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S51E-1053: Surface wave tomography of the European Arctic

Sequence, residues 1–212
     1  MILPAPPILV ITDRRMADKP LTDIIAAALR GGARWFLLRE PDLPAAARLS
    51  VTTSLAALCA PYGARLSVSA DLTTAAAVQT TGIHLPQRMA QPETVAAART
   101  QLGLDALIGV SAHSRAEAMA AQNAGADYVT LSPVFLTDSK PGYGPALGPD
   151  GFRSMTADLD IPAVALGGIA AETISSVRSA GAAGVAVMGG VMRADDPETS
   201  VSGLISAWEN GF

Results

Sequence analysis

Existing global and regional tomographic models have limited resolution in the European Arctic due to the small number of seismic stations, relatively low regional seismicity, and poor knowledge of the crustal structure. During the last decades, new seismic stations were permanently or temporarily installed in and around this region. However, many of the data from these stations are not easily accessible via the international data centers but only by direct request to various data operators. Recently, a new crustal model of the Barents Sea and surrounding areas had been derived in a joint project between the University of Oslo, NORSAR and the USGS (Bungum et al., 2005). This model with its detailed information on crustal thickness and sedimentary basins in the area helps to constrain the tomographic inversion of the upper mantle velocity structure based on surface wave data. To improve the surface wave data set in the region, we extensively searched for broadband data from stations in the area from the beginning of the 1970s until 2005 and were able to retrieve surface wave observations from the data archives at NORSAR, University of Bergen, University of Helsinki, the Kola Science Center in Apatity, and the Geological Service of Denmark in addition to data from the data centers of IRIS and GEOFON. Rayleigh and Love wave group velocity measurements from 10 sec to 150 sec period obtained on these seismograms were combined with the existing data set provided by the University of Colorado (e.g. Levshin et al., 2001). Using these data, we constructed a new 3-D shear velocity model of the crust and upper mantle beneath the European Arctic which provides higher resolution and accuracy than previous models. The new model reveals substantial variations in shear wave speeds in the upper mantle across the region. Of particular note are clarified images of the mantle expression of the continental-ocean transition in the Norwegian Sea and a deep high wave speed lithospheric root beneath Novaya Zemlya.